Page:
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By Cornelius Van Til / P&R / 1978
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Van Til writes in the front matter, “A true method of Christian Evidences must start with the interpretation of man and his universe as given to him on the absolute authority of Christ speaking in Scripture in order then to show that unless this is done man abides under the wrath of God and his speech is meaningless. . . The studies presented in this series are written with a view to the defense of the doctrine of the free grace of God through Christ as he testifies of himself in the Scriptures of the Old and New Testaments. They are written from the point of view of one who believes the Reformed Faith to be the most truly biblical expression of the Christian Faith. . . These studies are merely student syllabi; they are not to be regarded as published books.”
The present study contains two parts. The first part was used by the author for a number of years as a class syllabus on Christian Evidences. The main contention of this syllabus was to the effect that the traditional Butler-Analogy type of argument for the factual truthfulness of Christianity is basically defective. Its basic defect is to be found in the fact that, with Arminian theology, it begins by assuming that the enemies of the gospel of Christ are right in holding that man is, or may be, self-explanatory, and that the facts of his environment are, or may be, purely chance-produced and directed. A true method of Christian Evidences must start with the interpretation of man and his universe as given to him on the absolute authority of Christ speaking in Scripture in order then to show that unless this is done man abides under the wrath of God and his speech is meaningless.
The appendix contains a portion of a series of three lectures given at Calvin Theological Seminary in October 1968. It deals with essentially the same subject as the first part. Its argument is to the effect that the method of more recent non-Christian scientific methodology is bankrupt because it insists that man can know nothing of God and yet speaks in all its utterance about God. As a consequence recent scientists make an absolute separation between an abstract law of logic which is like a turnpike in the sky, and an infinite number of purely contingent facts, not one of which is distinguishable from another.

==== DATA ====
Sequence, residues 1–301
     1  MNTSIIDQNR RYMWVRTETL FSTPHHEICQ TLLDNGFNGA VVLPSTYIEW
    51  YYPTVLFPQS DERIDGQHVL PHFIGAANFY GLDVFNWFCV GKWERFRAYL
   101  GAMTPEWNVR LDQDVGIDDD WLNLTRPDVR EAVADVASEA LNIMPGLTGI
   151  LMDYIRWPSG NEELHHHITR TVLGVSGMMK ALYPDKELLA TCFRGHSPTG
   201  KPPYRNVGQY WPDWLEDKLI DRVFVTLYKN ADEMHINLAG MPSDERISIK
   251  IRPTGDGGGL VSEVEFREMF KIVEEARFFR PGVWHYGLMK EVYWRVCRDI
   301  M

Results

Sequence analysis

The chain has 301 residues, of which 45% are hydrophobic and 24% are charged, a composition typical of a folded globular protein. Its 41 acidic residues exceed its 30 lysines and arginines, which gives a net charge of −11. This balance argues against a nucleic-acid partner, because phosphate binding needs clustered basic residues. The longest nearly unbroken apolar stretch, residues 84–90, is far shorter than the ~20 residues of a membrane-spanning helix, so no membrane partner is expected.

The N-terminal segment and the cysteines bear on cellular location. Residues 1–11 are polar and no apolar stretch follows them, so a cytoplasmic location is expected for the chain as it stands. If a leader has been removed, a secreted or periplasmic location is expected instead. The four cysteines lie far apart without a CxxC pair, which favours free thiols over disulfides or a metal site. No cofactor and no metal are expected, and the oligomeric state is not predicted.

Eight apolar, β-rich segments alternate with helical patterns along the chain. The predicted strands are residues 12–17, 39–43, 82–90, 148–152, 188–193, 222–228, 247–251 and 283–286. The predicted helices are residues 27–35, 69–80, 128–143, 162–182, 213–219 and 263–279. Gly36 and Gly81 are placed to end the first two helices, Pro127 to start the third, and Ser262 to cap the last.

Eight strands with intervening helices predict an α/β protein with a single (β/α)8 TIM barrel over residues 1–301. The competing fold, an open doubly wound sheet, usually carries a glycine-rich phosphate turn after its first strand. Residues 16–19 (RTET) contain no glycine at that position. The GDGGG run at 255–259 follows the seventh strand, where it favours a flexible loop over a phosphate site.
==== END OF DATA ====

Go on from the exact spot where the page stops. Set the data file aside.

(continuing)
The Butler type of argument is again shown to be helpless. It cannot apply the message of Christ as the Way and the Truth to this situation. Only on the presupposition of the truth of the words of the self-attesting Christ as available in the Scriptures can man, with his scientific enterprise, be saved.
Do not miss out on the updated release of The Works of Cornelius Van Til.
Dr. Cornelius Van Til, served as a professor of apologetics at Westminster Theological Seminary, Philadelphia, for 43 years. He retired in 1972, but remained as an emeritus professor until his death in 1987. Van Til, an immigrant from The Netherlands, was one of the most respected apologetic theologians of his time.
Van Til earned degrees from Calvin College, Princeton Theological Seminary, and Princeton University on his way to becoming an Orthodox Presbyterian Minister. He served throughout the ministry and scholarly fields, including teaching as an instructor of apologetics at Princeton Theological Seminary and being heavily involved with the foundation of the Philadelphia-Montgomery Christian Academy.
His most noted writings include The New Modernism, The Defense of the Faith, and Christianity and Barthianism. Much of his work with apologetics focuses on the presuppositions of humans, the difference between believers and non-believers, and the opposition between Christian and non-Christian worldviews.
More information about Van Til as a teacher and Reformed theologian is available in an article Eric Sigward wrote for New Horizons entitled "Van Til Made Me Reformed." Read the article as HTML or PDF (copyright 2004 by New Horizons; used by permission)